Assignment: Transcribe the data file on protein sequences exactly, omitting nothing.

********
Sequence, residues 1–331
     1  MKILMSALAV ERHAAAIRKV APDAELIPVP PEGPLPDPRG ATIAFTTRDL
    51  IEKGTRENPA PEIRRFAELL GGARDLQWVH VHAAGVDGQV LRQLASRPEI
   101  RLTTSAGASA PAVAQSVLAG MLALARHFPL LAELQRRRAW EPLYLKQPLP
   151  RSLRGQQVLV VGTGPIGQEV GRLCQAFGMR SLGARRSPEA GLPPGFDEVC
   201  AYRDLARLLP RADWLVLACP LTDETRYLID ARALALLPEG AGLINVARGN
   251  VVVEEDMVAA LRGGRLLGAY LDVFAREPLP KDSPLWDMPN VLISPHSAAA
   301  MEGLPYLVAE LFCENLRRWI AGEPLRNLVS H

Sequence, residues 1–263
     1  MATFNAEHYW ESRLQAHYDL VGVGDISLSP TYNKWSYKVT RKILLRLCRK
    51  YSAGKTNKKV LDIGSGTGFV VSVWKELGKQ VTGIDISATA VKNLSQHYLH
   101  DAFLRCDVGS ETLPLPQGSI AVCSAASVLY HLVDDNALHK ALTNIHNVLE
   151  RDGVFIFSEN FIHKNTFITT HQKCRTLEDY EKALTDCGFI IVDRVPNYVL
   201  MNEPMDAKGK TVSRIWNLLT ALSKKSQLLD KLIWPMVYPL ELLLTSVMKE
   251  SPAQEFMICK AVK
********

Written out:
Sequence, residues 1–331
     1  MKILMSALAV ERHAAAIRKV APDAELIPVP PEGPLPDPRG ATIAFTTRDL
    51  IEKGTRENPA PEIRRFAELL GGARDLQWVH VHAAGVDGQV LRQLASRPEI
   101  RLTTSAGASA PAVAQSVLAG MLALARHFPL LAELQRRRAW EPLYLKQPLP
   151  RSLRGQQVLV VGTGPIGQEV GRLCQAFGMR SLGARRSPEA GLPPGFDEVC
   201  AYRDLARLLP RADWLVLACP LTDETRYLID ARALALLPEG AGLINVARGN
   251  VVVEEDMVAA LRGGRLLGAY LDVFAREPLP KDSPLWDMPN VLISPHSAAA
   301  MEGLPYLVAE LFCENLRRWI AGEPLRNLVS H

Sequence, residues 1–263
     1  MATFNAEHYW ESRLQAHYDL VGVGDISLSP TYNKWSYKVT RKILLRLCRK
    51  YSAGKTNKKV LDIGSGTGFV VSVWKELGKQ VTGIDISATA VKNLSQHYLH
   101  DAFLRCDVGS ETLPLPQGSI AVCSAASVLY HLVDDNALHK ALTNIHNVLE
   151  RDGVFIFSEN FIHKNTFITT HQKCRTLEDY EKALTDCGFI IVDRVPNYVL
   201  MNEPMDAKGK TVSRIWNLLT ALSKKSQLLD KLIWPMVYPL ELLLTSVMKE
   251  SPAQEFMICK AVK